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Forest management and nutrient cycling in eastern hardwoodsAuthor(s): James H. Patric; David W. Smith
Source: Res. Pap. NE-324. Upper Darby, PA: U.S. Department of Agriculture, Forest Service, Northeastern Forest Experiment Station. 12p.
Publication Series: Research Paper (RP)
Station: Northeastern Research Station
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DescriptionThe literature was reviewed for reports on nutrient cycling in the eastern deciduous forest, particularly with respect to nitrogen, and for effects of forest management on the nutrient cycle. Although most such research has dealt with conifers, a considerable body of literature relates to hardwoods. Usually, only those references that dealt quantitatively with nutrient cycling were cited. The nutrient content of the forest stand is a relatively small part of the total nutrient pool contained in soil. Under the present practices of harvesting stem wood on a 50- to 100-year rotation, nutrient deficiency as a result of crop removal seems unlikely on most forest land. The probability of nutrient deficiency increases as the trend continues toward shorter rotations and more complete utilization of branchwood, thinnings, culls, and brush presently left on the site to nourish forest regeneration after cutting. Nutrient deficiencies that develop as a result of product harvest can be resolved by modifying cutting practices or by fertilization, or both.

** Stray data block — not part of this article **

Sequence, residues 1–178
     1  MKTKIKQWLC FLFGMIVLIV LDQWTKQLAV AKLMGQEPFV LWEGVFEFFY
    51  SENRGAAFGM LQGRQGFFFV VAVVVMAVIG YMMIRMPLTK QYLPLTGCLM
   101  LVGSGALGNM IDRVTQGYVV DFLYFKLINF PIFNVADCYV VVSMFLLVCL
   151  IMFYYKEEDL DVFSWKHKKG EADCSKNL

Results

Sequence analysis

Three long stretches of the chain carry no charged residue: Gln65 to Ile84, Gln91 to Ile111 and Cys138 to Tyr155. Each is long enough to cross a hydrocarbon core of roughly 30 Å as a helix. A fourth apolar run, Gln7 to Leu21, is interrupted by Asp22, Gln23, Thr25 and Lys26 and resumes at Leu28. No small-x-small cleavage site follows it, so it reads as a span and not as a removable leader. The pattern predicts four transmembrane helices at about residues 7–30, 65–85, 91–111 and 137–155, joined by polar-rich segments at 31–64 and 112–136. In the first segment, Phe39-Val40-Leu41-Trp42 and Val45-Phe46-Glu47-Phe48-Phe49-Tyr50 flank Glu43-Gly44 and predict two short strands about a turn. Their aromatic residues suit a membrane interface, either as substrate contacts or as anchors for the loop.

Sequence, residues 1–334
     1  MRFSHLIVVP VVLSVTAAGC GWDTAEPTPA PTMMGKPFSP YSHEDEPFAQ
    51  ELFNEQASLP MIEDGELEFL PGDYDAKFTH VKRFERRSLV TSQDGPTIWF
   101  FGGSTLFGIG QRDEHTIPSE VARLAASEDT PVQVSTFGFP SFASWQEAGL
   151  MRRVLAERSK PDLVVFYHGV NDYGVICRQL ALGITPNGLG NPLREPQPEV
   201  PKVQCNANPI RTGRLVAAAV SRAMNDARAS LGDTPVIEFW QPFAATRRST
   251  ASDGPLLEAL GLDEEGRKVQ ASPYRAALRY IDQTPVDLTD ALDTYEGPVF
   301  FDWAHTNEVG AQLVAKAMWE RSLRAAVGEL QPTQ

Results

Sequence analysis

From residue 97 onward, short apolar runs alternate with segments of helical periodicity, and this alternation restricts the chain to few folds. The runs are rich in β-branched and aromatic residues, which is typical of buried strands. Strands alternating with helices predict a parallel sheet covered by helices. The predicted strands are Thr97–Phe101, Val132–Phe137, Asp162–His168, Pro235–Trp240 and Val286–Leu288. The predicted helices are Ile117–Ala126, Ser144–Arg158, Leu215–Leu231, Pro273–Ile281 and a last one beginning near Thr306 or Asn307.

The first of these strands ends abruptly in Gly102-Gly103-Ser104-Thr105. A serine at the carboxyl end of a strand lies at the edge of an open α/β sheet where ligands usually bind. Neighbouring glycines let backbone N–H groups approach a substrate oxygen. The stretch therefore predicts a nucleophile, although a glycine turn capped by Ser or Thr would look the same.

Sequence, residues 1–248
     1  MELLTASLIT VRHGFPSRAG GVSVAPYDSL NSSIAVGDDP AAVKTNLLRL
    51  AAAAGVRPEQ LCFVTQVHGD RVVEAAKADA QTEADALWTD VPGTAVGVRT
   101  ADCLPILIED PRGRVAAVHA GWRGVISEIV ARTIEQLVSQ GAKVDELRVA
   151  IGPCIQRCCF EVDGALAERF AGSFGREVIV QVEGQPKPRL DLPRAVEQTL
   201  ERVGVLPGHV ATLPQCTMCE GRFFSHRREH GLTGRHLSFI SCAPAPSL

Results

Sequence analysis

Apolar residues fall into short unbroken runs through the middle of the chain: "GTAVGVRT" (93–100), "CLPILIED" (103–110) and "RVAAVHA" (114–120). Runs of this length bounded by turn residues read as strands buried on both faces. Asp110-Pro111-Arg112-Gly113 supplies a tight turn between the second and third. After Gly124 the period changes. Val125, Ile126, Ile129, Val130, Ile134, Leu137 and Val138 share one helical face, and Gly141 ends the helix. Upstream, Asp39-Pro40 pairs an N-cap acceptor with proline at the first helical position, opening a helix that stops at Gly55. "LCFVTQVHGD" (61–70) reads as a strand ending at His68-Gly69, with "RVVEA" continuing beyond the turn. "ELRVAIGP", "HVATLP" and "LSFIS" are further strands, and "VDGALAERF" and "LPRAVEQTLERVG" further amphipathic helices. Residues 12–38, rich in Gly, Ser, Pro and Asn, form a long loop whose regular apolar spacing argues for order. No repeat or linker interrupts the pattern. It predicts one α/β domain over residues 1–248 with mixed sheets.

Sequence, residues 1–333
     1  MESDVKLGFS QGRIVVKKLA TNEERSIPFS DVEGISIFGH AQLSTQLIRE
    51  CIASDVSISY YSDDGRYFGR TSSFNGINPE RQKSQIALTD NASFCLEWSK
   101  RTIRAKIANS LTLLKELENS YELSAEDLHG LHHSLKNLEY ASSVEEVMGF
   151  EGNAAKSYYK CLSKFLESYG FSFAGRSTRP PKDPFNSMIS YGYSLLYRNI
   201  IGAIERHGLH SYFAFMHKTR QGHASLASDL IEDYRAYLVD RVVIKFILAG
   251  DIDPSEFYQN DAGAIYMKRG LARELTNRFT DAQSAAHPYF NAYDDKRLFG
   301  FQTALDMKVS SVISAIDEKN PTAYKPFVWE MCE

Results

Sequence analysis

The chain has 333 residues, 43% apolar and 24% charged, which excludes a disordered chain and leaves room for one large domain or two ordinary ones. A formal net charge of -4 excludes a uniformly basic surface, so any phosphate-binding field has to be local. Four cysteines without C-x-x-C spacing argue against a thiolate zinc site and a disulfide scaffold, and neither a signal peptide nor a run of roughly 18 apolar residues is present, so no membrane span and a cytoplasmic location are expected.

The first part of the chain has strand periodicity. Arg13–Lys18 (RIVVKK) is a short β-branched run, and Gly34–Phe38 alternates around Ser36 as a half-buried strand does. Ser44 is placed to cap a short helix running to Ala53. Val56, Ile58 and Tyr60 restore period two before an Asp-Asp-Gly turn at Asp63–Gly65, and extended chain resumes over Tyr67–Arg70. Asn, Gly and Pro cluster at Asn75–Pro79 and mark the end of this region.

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CitationPatric, James H.; Smith, David W. 1975. Forest management and nutrient cycling in eastern hardwoods. Res. Pap. NE-324. Upper Darby, PA: U.S. Department of Agriculture, Forest Service, Northeastern Forest Experiment Station. 12p.
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